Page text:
Extending credit to customers can be beneficial for vendors and the client (especially the client.) Because customers do not have to pay for their goods or services immediately, they can purchase things more quickly, but wouldn’t it be great if you could collect payment upfront before delivery is made? Waiting on invoices can put a crunch on cash flow, especially if you have clients who are not paying on time. What is a business to do? One option is accounts receivable financing, a service that can get you the cash you need immediately, and here are some frequently asked questions about this process.
What is Accounts Receivable Financing?
Accounts receivable financing allows businesses that extend credit to customers to sell those invoices to a financing company for immediate cash, provided the goods and services have already been delivered. The company pays you a large portion of the invoice—typically at least 75 percent—minus a financing fee that depends on various factors. At this point, the financing company collects the invoice from your customer and forwards the balance.
What is the Cost?
There is no one set cost across the board, though fees tend to be somewhat similar between different companies. The company will take a small percentage of the total cost of the invoice. The exact percentage will depend on the amount of the bill, the credit worthiness of your customers, the terms of your invoices, and whether you are using any other services of the financing company. Make sure you have a full understanding of all the fees associated with using the service. The companies offering the lowest fees may have other hidden costs, as well as engage in practices that could put your business at serious risk.
Can I Use it for Any Customer?
Typically, you will only be able to receive financing for customers who have a solid history of timely payments—usually at least six months. You may be able to get financing for new customers; companies will evaluate these situations on a case-by-case basis.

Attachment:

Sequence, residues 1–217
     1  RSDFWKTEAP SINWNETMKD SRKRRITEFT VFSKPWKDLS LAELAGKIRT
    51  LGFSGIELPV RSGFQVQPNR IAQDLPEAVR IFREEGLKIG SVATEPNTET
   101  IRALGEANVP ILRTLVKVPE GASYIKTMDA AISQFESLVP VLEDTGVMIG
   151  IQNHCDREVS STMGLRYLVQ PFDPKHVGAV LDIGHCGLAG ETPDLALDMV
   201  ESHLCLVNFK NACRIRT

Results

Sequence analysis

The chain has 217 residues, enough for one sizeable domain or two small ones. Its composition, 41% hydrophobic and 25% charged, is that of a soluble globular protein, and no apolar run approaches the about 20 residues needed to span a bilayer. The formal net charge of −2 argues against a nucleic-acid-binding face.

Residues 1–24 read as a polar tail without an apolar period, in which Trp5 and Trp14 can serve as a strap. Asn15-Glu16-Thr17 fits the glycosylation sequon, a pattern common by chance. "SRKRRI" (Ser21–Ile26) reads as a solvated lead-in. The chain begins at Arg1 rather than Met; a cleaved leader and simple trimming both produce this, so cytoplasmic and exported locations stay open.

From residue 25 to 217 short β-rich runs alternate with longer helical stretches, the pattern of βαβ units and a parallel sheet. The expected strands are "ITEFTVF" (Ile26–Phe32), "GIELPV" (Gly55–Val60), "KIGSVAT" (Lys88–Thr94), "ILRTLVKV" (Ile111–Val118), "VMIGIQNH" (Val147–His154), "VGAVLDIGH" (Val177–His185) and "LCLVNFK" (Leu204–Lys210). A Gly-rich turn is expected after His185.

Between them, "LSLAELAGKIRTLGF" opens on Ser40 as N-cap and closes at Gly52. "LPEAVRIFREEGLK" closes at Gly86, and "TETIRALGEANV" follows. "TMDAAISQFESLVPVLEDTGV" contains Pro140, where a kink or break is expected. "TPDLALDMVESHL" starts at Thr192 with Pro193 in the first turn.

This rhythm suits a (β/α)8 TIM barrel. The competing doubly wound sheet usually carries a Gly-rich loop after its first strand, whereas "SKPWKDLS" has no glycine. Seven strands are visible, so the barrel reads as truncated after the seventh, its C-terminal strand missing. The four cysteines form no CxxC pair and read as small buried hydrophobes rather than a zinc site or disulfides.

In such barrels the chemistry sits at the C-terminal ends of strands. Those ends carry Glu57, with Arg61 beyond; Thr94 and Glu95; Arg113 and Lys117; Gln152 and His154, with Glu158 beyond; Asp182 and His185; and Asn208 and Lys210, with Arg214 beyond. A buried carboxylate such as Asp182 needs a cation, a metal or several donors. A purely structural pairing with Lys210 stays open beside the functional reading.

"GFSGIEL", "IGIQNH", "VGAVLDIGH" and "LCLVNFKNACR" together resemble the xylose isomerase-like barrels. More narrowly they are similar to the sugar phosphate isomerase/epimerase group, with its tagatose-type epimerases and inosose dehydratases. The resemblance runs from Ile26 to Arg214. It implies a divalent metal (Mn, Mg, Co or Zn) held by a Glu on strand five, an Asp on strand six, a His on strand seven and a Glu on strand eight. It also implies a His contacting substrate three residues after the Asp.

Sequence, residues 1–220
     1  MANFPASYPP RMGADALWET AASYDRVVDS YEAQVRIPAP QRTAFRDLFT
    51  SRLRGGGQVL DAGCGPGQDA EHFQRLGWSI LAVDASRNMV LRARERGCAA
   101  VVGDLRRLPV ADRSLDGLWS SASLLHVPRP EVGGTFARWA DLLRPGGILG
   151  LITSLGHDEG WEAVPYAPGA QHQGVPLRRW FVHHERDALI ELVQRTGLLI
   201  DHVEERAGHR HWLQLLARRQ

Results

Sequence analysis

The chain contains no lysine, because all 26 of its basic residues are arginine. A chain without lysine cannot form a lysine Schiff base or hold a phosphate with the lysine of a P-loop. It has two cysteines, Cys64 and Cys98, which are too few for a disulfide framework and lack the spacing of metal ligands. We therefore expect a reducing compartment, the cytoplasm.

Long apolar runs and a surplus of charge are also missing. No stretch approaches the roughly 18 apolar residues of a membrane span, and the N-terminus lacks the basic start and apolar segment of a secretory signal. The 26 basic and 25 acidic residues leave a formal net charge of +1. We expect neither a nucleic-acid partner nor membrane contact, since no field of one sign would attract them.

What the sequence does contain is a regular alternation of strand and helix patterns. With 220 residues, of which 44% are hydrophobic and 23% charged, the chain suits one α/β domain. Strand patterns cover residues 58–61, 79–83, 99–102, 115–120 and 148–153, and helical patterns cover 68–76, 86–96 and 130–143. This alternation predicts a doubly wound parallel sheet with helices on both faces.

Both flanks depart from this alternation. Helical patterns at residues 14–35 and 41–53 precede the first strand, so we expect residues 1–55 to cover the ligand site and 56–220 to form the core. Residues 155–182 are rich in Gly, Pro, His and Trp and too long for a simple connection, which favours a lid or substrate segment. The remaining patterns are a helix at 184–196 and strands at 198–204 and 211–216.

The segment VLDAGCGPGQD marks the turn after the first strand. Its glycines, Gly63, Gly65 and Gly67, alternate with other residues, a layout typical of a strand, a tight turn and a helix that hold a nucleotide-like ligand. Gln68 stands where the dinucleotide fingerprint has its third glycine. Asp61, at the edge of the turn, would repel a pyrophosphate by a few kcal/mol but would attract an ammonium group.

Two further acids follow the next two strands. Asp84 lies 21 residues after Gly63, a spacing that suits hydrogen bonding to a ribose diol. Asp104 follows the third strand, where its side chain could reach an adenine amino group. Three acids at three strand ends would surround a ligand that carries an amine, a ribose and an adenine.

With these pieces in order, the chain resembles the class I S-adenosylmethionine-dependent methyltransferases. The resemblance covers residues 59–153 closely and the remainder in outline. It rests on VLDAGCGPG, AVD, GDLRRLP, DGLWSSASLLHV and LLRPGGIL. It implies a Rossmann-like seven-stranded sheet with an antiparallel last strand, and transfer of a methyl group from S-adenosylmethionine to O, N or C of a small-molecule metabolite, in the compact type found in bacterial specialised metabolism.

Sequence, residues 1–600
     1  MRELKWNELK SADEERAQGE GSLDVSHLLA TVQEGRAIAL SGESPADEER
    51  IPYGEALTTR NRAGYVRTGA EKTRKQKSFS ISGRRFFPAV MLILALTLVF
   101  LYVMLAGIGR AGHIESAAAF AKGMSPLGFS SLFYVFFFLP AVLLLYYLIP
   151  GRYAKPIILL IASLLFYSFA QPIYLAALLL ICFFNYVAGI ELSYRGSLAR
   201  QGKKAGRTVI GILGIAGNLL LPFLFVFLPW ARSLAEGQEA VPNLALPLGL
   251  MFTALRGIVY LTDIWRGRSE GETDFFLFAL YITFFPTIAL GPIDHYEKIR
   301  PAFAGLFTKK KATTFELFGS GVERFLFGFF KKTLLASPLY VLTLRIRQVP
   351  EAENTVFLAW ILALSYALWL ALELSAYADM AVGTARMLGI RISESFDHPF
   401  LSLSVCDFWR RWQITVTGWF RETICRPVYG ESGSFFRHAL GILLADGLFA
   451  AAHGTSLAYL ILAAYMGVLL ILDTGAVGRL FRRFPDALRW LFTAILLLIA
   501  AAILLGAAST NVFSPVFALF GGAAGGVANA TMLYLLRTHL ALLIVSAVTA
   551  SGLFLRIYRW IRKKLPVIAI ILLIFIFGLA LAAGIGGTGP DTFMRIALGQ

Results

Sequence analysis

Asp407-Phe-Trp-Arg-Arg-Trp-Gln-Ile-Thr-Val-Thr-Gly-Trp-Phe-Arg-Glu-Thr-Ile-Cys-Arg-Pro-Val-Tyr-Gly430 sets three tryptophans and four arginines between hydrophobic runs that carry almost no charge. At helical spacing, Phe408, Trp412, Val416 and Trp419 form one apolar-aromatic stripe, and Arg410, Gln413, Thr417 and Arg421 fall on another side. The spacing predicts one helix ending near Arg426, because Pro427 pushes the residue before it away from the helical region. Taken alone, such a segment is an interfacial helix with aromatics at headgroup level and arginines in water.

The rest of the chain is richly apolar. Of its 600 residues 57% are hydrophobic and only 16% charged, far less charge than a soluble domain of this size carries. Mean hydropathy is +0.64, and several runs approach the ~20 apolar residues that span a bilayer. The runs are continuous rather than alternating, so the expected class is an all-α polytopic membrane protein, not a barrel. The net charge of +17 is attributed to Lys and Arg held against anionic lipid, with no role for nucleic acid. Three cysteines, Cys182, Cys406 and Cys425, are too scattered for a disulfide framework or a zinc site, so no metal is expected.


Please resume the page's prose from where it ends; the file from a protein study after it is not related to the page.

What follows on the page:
What is the Difference between Recourse and Non-Recourse Factoring?
There are two different types of small business receivables financing—recourse and non-recourse . With recourse financing, your company is ultimately responsible for payment of the invoice, no matter what the circumstances. In non-recourse factoring, you are relieved of liability in only one instance—if your customer cannot pay because of bankruptcy. In every other instance, you would still be responsible for paying, which is something that many business owners may not realize when entering into this type of agreement. The latter option typically comes with higher fees and more restrictive requirements.
What are the Benefits?
Invoice financing can offer many benefits. First and foremost, you get an immediate cash infusion—of course you are selling the invoice at a discount, but unlike a loan, you will not have to incur any additional debt. Unlike other types of financing, your creditworthiness is not a primary factor, rather, the credit history of your customers. The process is straightforward and you get the money very quickly. Having a steady cash flow offers many benefits for your business, such as being able to take advantage of volume discounts from vendors and early-payment incentives.
Kelli Cooper is a freelance writer who enjoys blogging about all things business.